Atrial fibrillation (AF) is an abnormal heart rhythm. One effective method of treating AF is radiofrequency (RF) ablation. In RF ablation, mild, painless radiofrequency energy is used to destroy carefully selected heart muscle cells to stop them from conducting extra electrical impulses. Previous research suggested scar formation within the left atrium (LA) after RF ablation helps to predict the success of the procedure in preventing the recurrence of atrial fibrillation.
“Until now, there has not been an accurate, non-invasive way to assess LA scar formation,” said lead author Nassir F. Marrouche. “We have developed a novel MRI-based method to detect and measure the extent of LA wall scarring and, potentially, predict the success of RF ablation.”
The scientists developed a technique for using a non-invasive method called delayed-enhancement cardiovascular MRI (DE-CMRI) to create 3-D images of the left atrium both before and after RF ablation in patients with atrial fibrillation. They processed and analysed these images using custom software tools and then used computer algorithms to calculate the extent of LA wall injury.
The team found that all patients who underwent RF ablation showed evidence of left atrium wall injury on MRI three months after the procedure. The pattern of tissue injury correlated with the areas where the radiofrequency energy was applied during RF ablation, and thus, was presumed to reflect tissue scarring. The scientists also found patients with a higher percentage of LA wall injury were more likely to be free of arrhythmia than patients with lower percentages, suggesting the degree of scarring is linked to the likelihood of success in the RF ablation procedure.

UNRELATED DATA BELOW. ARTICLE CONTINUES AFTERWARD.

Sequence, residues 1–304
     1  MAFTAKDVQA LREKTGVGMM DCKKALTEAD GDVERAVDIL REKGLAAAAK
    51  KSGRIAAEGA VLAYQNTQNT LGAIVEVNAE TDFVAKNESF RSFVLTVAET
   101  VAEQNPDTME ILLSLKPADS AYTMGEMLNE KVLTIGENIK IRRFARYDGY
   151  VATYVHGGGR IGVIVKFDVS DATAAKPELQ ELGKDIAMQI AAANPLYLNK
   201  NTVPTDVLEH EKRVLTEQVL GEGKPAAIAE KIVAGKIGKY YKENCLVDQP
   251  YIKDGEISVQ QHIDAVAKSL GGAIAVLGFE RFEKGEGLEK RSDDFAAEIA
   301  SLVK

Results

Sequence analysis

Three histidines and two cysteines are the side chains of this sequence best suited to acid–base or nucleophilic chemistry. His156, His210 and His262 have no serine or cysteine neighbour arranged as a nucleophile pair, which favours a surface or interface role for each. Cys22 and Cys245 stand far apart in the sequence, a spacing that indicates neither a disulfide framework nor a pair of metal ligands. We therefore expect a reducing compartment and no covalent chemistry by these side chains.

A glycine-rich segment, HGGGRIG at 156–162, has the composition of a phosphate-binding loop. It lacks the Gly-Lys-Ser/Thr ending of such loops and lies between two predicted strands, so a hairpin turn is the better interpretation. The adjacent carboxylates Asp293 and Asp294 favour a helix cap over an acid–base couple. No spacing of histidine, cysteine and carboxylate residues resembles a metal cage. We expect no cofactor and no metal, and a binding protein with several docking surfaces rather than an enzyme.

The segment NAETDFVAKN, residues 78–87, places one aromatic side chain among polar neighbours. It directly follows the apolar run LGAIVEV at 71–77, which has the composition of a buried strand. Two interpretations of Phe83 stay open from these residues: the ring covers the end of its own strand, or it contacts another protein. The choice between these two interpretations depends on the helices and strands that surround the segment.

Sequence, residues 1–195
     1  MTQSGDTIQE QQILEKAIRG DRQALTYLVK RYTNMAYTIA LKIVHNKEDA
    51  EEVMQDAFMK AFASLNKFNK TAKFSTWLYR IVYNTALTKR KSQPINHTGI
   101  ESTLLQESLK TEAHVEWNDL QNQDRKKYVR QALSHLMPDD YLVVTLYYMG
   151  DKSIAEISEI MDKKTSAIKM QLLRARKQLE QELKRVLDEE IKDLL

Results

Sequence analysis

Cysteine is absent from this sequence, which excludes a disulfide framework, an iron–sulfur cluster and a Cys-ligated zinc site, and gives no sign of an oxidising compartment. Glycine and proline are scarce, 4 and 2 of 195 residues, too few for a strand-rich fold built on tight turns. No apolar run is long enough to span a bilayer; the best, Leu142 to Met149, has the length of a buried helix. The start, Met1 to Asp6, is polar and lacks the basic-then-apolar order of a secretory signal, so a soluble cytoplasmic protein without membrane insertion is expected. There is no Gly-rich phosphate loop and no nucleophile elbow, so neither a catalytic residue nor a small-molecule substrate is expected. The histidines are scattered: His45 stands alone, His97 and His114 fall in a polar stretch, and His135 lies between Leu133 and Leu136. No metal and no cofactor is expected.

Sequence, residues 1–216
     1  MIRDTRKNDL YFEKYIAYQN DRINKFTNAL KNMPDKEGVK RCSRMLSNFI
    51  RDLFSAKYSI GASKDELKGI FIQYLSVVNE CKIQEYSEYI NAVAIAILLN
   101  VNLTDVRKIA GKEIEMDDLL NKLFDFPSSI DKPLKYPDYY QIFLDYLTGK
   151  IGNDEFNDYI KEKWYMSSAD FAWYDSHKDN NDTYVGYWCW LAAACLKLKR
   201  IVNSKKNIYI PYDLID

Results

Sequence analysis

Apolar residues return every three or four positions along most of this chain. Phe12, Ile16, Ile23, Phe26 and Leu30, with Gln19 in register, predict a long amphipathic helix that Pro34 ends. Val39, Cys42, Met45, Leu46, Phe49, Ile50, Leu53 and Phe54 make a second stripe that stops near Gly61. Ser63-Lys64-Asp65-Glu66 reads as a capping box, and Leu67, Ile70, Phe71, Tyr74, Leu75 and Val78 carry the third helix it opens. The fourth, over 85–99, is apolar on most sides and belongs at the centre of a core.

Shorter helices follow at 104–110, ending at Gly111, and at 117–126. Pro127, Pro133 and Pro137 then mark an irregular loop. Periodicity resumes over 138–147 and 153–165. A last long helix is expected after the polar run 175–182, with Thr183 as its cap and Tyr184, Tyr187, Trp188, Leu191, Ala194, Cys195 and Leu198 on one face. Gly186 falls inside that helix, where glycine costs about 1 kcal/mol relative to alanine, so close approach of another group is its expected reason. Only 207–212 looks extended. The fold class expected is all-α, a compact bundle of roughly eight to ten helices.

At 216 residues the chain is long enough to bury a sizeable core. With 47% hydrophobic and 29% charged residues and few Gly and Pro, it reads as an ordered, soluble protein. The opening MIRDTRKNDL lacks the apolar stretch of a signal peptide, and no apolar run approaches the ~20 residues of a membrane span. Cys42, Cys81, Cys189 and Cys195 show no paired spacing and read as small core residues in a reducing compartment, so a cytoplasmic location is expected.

The novel visualisation technique and analysis potentially could help doctors improve planning for RF ablation procedures by making it easier to identify the heart muscle cells that need to be destroyed. Improved localisation and isolation of these heart muscle cells would likely lead to a reduction in the recurrence rate of AF.
“The benefit of 3-D MRI is that it visualises the entire LA wall,” said Marrouche. “And, it is safe and non-invasive, so it can be repeated without significant risk to the patient.”
MEDICA.de; Source: University of Utah Health Sciences